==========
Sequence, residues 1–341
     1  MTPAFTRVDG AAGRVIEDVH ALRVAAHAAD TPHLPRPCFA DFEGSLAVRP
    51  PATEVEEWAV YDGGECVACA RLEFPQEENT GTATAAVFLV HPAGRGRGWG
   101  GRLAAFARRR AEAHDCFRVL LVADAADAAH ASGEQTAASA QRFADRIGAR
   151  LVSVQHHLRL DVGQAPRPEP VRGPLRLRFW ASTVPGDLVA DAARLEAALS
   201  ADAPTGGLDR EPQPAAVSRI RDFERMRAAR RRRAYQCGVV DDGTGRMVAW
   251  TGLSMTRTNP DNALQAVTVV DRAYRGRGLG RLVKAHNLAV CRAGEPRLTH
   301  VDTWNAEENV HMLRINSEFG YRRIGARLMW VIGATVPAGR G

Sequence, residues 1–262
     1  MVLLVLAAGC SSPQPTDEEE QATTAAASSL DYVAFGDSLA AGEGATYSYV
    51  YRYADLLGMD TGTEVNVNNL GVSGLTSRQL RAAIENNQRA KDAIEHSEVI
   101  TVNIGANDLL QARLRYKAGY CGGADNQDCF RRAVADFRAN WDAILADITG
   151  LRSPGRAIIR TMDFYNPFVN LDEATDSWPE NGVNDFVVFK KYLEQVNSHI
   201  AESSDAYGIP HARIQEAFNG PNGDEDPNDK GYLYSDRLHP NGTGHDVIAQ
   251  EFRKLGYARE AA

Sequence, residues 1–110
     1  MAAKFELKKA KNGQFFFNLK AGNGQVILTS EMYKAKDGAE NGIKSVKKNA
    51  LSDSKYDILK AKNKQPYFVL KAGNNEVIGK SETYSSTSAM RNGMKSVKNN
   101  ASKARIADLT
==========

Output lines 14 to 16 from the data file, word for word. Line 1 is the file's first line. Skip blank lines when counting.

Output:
   201  AESSDAYGIP HARIQEAFNG PNGDEDPNDK GYLYSDRLHP NGTGHDVIAQ
   251  EFRKLGYARE AA

Sequence, residues 1–110